McMillan, M.L., K.R. Wilson, W.C. Golden, and L.R. Rakowitz. 2009a. Comparison of different management techniques on hay wastage in horses fed alfalfa hay. Texas Journal of Agriculture and Natural Resources, 22, 1–6. Retrieved October 15, 2021, from https://txjanr.agintexas.org/index.php/txjanr/article/view/72

McMillan, M.L., K.R. Wilson, W.C. Golden, and L.R. Rakowitz. 2009b. Influence of hay ring presence on waste in horses fed hay. Texas Journal of Agriculture and Natural Resources, 22, 69–73. Retrieved October 15, 2021, from https://txjanr.agintexas.org/index.php/txjanr/article/view/79

National Research Council. 2007. Nutrient requirements of horses, 6th ed. Washington, D.C.: The National Academies Press.

Raspa, F., A. Roggero, C. Palestrini, M. Marten Canavesio, D. Bergero, and E. Valle. 2021. Studying the shape variations of the back, the neck, and the mandibular angle of horses depending on specific feeding postures using geometric morphometrics. Animals, 11(3), 763. https://doi.org/10.3390/ani11030763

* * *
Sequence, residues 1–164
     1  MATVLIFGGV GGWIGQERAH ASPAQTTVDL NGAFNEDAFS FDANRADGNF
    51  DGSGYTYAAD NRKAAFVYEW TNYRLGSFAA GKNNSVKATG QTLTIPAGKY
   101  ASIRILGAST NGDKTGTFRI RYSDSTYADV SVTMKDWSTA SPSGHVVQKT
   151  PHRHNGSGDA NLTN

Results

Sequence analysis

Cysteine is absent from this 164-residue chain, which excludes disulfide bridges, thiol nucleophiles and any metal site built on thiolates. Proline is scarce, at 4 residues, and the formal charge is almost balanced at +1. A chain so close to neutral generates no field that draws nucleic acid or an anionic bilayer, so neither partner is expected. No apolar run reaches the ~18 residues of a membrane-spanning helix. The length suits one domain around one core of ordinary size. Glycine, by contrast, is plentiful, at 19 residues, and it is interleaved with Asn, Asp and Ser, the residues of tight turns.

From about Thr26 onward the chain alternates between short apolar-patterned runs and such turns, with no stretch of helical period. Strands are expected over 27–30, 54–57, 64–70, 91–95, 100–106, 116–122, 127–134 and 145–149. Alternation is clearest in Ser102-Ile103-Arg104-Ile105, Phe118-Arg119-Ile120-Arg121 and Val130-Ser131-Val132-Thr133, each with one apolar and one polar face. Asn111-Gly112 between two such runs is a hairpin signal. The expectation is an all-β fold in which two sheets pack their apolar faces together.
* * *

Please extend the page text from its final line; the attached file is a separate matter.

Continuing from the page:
Rochais, C., S. Henry, and M. Hausberger. 2018. “Hay-bags” and “slow feeders”: Testing their impact on horse behaviour and welfare. Applied Animal Behaviour Science, 198, 52–59. http://dx.doi.org/10.1016/j.applanim.2017.09.019

For further reading

B-707: Evaluation of Equine Hoof Care

B-708: Documents Required to Transport Horses in New Mexico

B-720: Potential Poisoning of Horses Consuming Sorghum, Sudangrass, and Sorghum-sudangrass Hybrid Forages


Photo of Jason Turner.

Jason L. Turner is a Professor and Extension Horse Specialist at NMSU. He was active in 4-H and FFA while growing up in Northeastern Oklahoma. His M.S. and Ph.D. studies concentrated on equine reproduction, health, and management. His Extension programs focus on proper care and management of the horse for youth and adults.

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Revised January 2023 Las Cruces, NM